How will history judge the presidency of William Jefferson Clinton? We can, of course, only guess. Any speculation we might offer now is bound to tell us more about our present-day concerns than it will about how his legacy will look through future eyes. The sort of consensus that shapes history will only emerge after many years and unforeseeable events have marched past.
Nevertheless, one can identify a few key aspects of Clinton's presidency that are likely to draw the attention of future historians -- who will no doubt assign them relative importance according to tomorrow's pressing concerns. With President Clinton on his way out, it seems only polite to begin with the areas in which he seems likely to be judged favorably:
Globalization -- Clinton's presidency coincided with the accelerating integration of the world's economies, a movement in which he has played a decisive and formative role. And while globalization has been the subject of controversy at home and abroad, it is clearly inevitable. Through agreements such as NAFTA and through his strong advocacy of United States membership in the World Trade Organization, Clinton helped move the debate from the increasingly moot question of whether or not globalization should go forward and toward the more productive one of what form it should assume.
The American Economy -- At the same time, Clinton helped set the stage for an unprecedented run of economic good fortune that is only now slowing. Though some deny him full credit because his decision to cut the deficit was urged on him by Alan Greenspan, it should be pointed out that his presidential predecessors received much the same advice. It was Clinton, often justly derided for his lack of political backbone, who found the will to do so and, in so doing, made possible the interest-rate cuts that proved to be such an effective spur to growth.
Kosovo -- Taken as a whole, the Allied track record in the Balkans is not an especially proud one. Too much time passed and too many lives were lost before conscience forced action. But Clinton deserves credit for the lead role he took in finally bringing NATO's power to bear against Slobodan Milosevic, an action taken over substantial congressional opposition. On the downside, history might well note that Clinton left to his successors the hard work of articulating a coherent doctrine for this kind of use of force.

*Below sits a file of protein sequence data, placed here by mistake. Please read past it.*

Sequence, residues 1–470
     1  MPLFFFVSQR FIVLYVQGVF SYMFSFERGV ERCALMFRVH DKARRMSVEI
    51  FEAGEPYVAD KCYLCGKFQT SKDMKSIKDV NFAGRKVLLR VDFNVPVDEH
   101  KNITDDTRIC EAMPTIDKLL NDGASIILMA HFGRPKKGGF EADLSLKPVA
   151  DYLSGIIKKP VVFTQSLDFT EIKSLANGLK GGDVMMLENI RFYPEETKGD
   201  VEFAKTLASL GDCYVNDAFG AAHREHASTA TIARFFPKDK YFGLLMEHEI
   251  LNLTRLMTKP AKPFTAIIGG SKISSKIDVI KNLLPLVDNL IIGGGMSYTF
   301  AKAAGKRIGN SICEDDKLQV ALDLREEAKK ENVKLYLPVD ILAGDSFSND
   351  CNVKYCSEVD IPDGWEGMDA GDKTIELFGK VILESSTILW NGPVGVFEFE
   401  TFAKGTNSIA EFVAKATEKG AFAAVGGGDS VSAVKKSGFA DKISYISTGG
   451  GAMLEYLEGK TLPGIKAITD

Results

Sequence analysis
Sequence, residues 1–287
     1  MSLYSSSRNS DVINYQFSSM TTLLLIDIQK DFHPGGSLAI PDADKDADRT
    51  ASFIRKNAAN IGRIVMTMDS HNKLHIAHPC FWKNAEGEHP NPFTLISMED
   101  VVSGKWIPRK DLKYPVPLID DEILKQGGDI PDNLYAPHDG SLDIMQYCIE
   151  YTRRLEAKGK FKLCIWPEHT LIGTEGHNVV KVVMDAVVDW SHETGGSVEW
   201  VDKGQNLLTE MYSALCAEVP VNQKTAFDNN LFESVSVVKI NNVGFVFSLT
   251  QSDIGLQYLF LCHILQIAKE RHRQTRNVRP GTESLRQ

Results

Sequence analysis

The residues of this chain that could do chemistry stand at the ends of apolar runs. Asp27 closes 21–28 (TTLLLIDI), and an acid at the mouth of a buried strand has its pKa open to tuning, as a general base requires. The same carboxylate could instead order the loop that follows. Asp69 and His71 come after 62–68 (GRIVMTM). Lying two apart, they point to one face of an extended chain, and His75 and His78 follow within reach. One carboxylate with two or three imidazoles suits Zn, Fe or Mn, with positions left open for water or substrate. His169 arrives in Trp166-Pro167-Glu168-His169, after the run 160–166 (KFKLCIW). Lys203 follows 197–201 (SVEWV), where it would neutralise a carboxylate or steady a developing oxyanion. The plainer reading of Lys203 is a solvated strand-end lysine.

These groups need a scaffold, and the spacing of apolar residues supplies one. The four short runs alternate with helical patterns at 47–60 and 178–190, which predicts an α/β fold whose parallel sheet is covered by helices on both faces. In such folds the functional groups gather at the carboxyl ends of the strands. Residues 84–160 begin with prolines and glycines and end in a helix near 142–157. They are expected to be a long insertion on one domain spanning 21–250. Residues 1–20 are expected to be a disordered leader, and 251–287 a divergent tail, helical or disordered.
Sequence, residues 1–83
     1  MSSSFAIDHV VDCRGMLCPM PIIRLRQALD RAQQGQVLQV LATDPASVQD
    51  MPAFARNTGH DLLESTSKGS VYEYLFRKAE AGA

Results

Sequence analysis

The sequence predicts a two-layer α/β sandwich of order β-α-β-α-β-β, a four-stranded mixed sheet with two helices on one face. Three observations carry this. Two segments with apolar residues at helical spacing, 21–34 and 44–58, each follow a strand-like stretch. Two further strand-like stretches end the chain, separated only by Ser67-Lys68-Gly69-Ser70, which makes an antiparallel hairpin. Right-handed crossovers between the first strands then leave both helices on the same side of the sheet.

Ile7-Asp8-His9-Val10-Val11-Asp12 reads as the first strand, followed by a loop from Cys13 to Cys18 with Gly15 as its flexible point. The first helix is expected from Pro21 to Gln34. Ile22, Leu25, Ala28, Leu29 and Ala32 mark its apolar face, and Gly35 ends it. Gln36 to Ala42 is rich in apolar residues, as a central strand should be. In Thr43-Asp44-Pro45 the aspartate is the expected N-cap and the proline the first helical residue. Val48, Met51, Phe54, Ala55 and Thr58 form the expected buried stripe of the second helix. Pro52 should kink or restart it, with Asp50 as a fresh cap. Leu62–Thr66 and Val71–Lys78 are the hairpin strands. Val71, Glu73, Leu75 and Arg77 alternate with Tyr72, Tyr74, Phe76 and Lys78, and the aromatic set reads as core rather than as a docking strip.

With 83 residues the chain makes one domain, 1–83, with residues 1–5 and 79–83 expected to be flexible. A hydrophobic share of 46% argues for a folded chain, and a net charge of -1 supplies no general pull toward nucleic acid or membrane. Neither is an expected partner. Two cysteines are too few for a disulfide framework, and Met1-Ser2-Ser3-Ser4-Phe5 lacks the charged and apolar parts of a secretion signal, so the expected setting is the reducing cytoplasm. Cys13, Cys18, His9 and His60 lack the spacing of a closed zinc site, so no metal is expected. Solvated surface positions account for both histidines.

The future will decide if these noteworthy achievements come to outweigh the succession of scandals and subsequent impeachment that seems destined to provide the first paragraph of his political biography (regardless of whether history ultimately assigns more blame to him or to his political persecutors). The Monica Lewinsky episode inflicted real harm on not only Clinton -- robbing his administration of political capital that could have been put to far more productive use -- but on the country as a whole. The toll is difficult to measure, as it can only be counted in opportunities lost.
What's more, his actions further diminished the office of the presidency. In a nation where the head of state and the head of government reside in the same person, it bears mentioning that Clinton's self-serving defense hastened the demise of presidential moral authority first set in motion by Vietnam and Watergate.
Bill Clinton's presidency was as complicated as the man himself, and any future historical judgment will likely reflect this. Looking back on the past eight years, though -- the good and the bad -- Winston Churchill might have supplied the most apt characterization: "This pudding has no theme."
Dan Rather works for CBS News.
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